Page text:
Understanding Nissan’s I-Key can be the “Key to Success” in servicing and repairing the Intelligent Key System.
Intelligent Key (I-Key) systems are becoming a very popular option, but when they stop working, vehicle owners can’t help but notice. The ability to diagnose and repair Intelligent Key systems provides an opportunity to showcase your high-tech proficiency to customers.
A Battle of Wits: Intelligent Technicians vs. Intelligent Key Systems
One of the chief impediments to good technician productivity is overcoming the knowledge gap when encountering a new system. A diagnosis may very well be “simple” if you already know the players involved and their modus operandi, but if you don’t know what should be happening, diagnosing the simplest of customer concerns can suck up a lot of time. This article will provide an overview of I-Key systems to help build familiarity and offer a leg-up on your next I-Key encounter.
When an artist begins a painting, he starts with a rough outline of the whole scene. Once the positions of all the elements are roughed in, he can start filling in the details. If instead, he were to start by drawing a single element in detail, he might find that it’s too large or small or in the wrong position as work continues, and all the work he put into it would be wasted.
The same approach should be taken when diagnosing a system: First, look at the system as a whole to determine where to focus effort. Start with broad brush strokes: What components are involved? What are their roles? How do they interact? Knowledge of the overall function allows you to focus detailed testing in the appropriate area. Testing components without a logical reason will likely lead to a lot of unnecessary and time-consuming testing.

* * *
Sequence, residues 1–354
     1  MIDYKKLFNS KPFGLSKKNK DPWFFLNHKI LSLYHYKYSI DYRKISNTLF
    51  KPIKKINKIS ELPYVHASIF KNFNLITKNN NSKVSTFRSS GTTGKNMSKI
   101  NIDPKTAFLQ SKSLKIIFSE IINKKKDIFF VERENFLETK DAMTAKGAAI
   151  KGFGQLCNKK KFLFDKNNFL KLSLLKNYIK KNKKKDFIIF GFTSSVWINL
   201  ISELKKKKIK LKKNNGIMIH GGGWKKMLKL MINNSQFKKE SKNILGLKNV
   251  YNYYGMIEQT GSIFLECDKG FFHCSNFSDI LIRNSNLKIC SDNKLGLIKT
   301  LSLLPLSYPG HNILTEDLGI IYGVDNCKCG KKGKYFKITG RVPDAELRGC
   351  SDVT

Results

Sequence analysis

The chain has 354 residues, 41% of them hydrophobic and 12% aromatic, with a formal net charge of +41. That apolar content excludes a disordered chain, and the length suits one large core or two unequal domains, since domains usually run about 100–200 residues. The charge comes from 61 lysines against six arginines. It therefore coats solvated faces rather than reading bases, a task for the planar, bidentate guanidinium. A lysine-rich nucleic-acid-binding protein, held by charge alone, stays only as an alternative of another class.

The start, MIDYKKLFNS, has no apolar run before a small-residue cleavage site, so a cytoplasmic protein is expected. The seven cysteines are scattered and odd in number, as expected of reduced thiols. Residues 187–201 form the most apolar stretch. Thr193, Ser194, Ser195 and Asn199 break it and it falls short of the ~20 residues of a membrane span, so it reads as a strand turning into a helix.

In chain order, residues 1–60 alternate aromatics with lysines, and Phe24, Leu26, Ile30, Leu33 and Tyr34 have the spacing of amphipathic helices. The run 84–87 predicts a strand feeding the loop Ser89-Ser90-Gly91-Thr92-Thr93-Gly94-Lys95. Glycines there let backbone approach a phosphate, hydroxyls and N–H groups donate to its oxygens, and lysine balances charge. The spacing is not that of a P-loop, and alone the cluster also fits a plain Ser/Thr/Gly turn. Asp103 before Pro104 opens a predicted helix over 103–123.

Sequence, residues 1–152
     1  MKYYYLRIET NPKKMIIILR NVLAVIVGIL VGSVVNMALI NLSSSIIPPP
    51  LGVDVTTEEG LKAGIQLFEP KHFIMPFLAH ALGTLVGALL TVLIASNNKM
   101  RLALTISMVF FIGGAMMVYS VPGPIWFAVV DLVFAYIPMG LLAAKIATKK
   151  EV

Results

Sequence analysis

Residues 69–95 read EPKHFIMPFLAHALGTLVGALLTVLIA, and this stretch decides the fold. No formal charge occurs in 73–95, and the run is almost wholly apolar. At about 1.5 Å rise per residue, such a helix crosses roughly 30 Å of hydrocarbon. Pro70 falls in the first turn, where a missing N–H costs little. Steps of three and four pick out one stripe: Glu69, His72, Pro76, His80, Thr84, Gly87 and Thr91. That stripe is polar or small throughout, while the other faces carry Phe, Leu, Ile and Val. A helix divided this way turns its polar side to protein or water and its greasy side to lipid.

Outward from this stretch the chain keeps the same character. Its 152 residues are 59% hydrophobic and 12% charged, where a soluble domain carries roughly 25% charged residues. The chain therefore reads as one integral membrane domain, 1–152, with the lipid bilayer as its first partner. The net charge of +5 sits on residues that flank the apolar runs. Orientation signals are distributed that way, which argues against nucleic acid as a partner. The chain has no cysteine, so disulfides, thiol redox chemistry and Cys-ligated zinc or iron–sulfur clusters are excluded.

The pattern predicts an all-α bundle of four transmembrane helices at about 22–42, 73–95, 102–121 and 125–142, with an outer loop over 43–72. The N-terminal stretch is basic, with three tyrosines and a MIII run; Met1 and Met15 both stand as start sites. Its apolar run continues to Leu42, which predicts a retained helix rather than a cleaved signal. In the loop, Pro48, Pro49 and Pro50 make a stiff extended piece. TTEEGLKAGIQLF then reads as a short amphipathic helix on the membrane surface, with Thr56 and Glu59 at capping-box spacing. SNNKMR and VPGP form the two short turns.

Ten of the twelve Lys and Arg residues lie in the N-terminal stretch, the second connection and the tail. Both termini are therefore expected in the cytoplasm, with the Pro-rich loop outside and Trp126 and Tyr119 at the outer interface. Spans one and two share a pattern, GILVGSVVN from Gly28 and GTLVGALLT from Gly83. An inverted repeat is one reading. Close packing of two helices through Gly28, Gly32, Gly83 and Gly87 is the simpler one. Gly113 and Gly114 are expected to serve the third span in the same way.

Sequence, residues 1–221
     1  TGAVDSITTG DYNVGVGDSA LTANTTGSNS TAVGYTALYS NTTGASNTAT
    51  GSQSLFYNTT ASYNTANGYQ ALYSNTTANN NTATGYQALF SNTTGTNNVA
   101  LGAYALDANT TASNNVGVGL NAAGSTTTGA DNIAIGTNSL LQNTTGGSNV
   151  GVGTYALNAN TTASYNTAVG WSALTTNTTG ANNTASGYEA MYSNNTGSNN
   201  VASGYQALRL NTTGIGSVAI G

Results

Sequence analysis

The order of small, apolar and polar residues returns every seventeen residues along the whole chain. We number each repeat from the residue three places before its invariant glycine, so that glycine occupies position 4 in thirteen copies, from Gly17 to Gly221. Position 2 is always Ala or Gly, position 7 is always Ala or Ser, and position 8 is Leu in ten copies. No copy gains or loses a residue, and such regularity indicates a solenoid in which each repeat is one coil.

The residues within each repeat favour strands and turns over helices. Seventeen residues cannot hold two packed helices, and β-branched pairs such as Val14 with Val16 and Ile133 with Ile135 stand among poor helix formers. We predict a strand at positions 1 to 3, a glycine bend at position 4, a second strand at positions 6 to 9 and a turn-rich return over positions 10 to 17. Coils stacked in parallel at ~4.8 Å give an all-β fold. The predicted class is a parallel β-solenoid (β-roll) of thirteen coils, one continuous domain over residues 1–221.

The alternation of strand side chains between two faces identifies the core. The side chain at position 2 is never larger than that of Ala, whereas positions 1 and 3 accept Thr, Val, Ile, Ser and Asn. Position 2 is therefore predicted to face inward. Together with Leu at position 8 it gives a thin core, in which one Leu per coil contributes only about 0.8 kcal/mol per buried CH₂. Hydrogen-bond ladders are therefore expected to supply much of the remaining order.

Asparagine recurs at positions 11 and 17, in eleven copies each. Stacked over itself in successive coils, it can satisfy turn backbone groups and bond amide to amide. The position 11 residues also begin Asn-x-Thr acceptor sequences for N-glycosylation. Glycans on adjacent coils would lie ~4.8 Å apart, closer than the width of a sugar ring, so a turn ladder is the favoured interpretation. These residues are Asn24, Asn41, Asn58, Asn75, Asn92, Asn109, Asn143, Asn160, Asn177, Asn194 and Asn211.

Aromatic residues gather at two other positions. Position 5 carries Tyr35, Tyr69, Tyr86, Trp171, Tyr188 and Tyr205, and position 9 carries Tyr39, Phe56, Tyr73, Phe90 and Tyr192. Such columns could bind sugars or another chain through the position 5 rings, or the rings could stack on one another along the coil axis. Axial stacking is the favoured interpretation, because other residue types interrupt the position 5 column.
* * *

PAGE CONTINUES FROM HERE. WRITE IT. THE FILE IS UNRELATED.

What is an I-Key System?
An I-Key system is a passive entry, starting, and vehicle customization system. A driver can unlock the doors and trunk, start the car, and restore memorized seat and mirror adjustments without ever removing the I-Key from his pocket. Typically, each registered key can have a separate set of user preferences stored in the BCM, which can either be memorized during use or programmed via the CONSULT.
Components of an I-Key System
The I-Key looks similar to a standard keyless entry remote. It typically will have lock, unlock, and trunk buttons. However, unlike a standard keyless entry system, the user does not need to press these buttons to enter the car. The I-Key responds to ID requests issued by interior or exterior key antennas. Each I-Key stores its unique ID number and a vehicle ID number.
The I-Key is powered with an internal 3V battery, and cannot receive or transmit without power. The most common “failure” of the I-Key is the battery. Many Nissan and Infiniti cars have a handy low battery warning indicator on the dash to alert the driver (or technician) that the battery needs to be replaced. If either the I-Key battery or the vehicle’s 12V battery goes dead, there is a mechanical key insert in the I-Key that will allow emergency entry. Typically, up to four I-Keys can be registered to a vehicle, and once an I-Key has been registered to a particular vehicle, it cannot be registered to another, just as once a conventional key is cut, it cannot be cut again.
Exterior Key Antenna
There are typically three exterior key antennas: one for the driver’s door, one for the passenger front door, and one for the trunk/hatch area. Each has a range of about three feet. The key antennas broadcast a request periodically. It asks something like, “Is there an I-Key within my detection zone?” The antennas will continue this request over and over. If a key is detected, the antenna will ask, “What is your ID number?” If the ID matches, access will be granted. If no keys are detected for a while, the request will become less frequent to save power. If no keys respond for a very long time, the key antenna will go to sleep until the door handle is touched.